Mushroom body output neurons encode valence and guide memory-based action selection in Drosophila

Yoshinori Aso, Divya Sitaraman, Toshiharu Ichinose, Karla R. Kaun, Katrin Vogt, Ghislain Belliart-Guérin, Pierre Yves Plaçais, Alice A. Robie, Nobuhiro Yamagata, Christopher Schnaitmann, William J. Rowell, Rebecca M. Johnston, Teri T.B. Ngo, Nan Chen, Wyatt Korff, Michael N. Nitabach, Ulrike Heberlein, Thomas Preat, Kristin M. Branson, Hiromu TanimotoGerald M. Rubin

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436 Citations (Scopus)


Animals discriminate stimuli, learn their predictive value and use this knowledge to modify their behavior. In Drosophila, the mushroom body (MB) plays a key role in these processes. Sensory stimuli are sparsely represented by ∼2000 Kenyon cells, which converge onto 34 output neurons (MBONs) of 21 types. We studied the role of MBONs in several associative learning tasks and in sleep regulation, revealing the extent to which information flow is segregated into distinct channels and suggesting possible roles for the multi-layered MBON network. We also show that optogenetic activation of MBONs can, depending on cell type, induce repulsion or attraction in flies. The behavioral effects of MBON perturbation are combinatorial, suggesting that the MBON ensemble collectively represents valence. We propose that local, stimulus-specific dopaminergic modulation selectively alters the balance within the MBON network for those stimuli. Our results suggest that valence encoded by the MBON ensemble biases memory-based action selection.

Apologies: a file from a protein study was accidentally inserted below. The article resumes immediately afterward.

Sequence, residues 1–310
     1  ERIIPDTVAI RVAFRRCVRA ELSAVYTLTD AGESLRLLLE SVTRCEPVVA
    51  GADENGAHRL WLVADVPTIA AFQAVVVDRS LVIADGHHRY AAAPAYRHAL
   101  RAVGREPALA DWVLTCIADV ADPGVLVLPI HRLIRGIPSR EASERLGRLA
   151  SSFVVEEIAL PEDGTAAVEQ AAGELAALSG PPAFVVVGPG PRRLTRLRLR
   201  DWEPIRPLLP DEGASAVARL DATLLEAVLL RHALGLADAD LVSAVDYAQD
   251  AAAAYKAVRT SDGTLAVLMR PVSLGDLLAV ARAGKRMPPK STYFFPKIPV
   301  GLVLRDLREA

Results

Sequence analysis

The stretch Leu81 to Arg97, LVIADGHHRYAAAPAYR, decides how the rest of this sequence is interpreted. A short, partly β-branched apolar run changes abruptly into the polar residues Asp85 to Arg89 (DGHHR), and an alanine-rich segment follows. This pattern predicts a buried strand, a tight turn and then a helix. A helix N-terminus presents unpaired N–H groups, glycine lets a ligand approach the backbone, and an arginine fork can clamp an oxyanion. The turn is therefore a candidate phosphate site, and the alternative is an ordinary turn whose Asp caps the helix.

Original languageEnglish
Article numbere04580
Pages (from-to)e04580
Publication statusPublished - 2014


  • D. melanogaster
  • action selection
  • behavioral valence
  • memory
  • mushroom body
  • neuroscience
  • population code
  • sleep


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